August 12, 2010
In a recent blog post my colleague, Roger Neill, talks about creativity and crime reduction. It got me thinking about how often we’re using the phrase “we don’t want to re-invent the wheel”. Funny thing to say really, as the wheel has been radically re-invented many times during its existence. The only thing that remains is its basic shape.
Re-inventing does not mean starting from scratch. Simply adapting and improving existing solutions to fit new changes. E.g. from the wheel of a horse-drawn cart to Michelin tyres.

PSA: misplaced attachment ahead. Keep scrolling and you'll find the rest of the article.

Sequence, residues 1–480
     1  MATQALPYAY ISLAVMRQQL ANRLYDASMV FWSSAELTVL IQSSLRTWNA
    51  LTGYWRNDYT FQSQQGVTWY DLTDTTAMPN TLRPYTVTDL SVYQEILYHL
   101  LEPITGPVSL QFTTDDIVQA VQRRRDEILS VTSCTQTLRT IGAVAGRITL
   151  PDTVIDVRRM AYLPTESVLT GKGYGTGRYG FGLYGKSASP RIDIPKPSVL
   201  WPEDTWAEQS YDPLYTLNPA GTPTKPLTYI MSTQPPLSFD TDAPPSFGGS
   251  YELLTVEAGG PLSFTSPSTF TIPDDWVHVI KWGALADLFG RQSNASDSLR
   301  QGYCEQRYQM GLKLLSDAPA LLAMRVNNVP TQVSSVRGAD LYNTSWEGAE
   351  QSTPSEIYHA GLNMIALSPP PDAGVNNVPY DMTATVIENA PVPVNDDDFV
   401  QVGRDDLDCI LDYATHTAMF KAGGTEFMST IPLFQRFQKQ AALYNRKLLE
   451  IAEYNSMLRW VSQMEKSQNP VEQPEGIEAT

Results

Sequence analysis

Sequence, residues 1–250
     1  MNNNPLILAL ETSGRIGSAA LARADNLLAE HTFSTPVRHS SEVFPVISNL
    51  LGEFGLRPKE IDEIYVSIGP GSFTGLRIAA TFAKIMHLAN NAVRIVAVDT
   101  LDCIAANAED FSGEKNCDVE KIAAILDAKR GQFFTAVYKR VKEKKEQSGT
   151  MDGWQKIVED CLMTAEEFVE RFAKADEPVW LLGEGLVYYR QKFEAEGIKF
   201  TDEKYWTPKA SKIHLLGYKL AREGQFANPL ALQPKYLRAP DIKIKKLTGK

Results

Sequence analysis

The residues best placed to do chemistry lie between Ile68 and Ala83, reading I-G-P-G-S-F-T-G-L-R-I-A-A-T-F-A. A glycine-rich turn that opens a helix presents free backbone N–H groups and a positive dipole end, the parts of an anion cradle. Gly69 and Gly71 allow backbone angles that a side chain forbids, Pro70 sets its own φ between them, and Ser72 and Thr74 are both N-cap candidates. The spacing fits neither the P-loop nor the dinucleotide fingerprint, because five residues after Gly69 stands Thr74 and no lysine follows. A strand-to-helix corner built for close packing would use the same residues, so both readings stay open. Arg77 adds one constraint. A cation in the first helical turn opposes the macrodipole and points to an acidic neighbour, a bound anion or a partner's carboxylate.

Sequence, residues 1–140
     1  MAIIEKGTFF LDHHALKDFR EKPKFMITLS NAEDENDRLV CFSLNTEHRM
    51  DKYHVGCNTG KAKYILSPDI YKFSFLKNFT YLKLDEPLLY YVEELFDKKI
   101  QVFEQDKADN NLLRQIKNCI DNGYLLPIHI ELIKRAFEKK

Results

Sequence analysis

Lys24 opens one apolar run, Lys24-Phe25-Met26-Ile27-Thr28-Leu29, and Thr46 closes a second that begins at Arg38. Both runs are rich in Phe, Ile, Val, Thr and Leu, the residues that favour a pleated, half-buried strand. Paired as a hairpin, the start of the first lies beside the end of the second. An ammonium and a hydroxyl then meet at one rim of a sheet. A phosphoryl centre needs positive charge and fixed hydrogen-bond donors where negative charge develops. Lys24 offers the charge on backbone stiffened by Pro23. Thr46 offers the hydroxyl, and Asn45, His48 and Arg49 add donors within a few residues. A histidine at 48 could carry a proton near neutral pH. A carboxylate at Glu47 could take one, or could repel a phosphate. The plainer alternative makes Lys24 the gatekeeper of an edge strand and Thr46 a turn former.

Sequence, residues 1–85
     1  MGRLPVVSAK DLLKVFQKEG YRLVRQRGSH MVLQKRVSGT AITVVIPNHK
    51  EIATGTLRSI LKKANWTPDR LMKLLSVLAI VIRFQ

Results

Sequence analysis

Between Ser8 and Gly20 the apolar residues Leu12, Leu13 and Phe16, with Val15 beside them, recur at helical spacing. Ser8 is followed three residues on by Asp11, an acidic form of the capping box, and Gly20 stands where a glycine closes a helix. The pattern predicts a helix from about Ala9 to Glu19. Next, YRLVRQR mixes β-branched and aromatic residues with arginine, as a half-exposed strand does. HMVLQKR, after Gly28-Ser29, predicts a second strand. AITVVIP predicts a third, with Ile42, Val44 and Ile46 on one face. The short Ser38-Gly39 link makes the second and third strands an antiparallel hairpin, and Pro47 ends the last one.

Re-invention is essential in many cases. As much with strategies as with products like the wheel. How many examples can you think of when a new manager brings the strategies that worked in his/her previous organisation and implements it without any adaptation or re-invention to fit the strategy to the new organisation? Sometimes it may work well. Other times it fails, often because the strategies did not take into account the organisation’s culture, needs and values (etc). It was just assumed that what worked well in one place, would work well everywhere.
What is your opinion on the re-use of strategies? Have you got similar stories?
Author: Kristine Pitts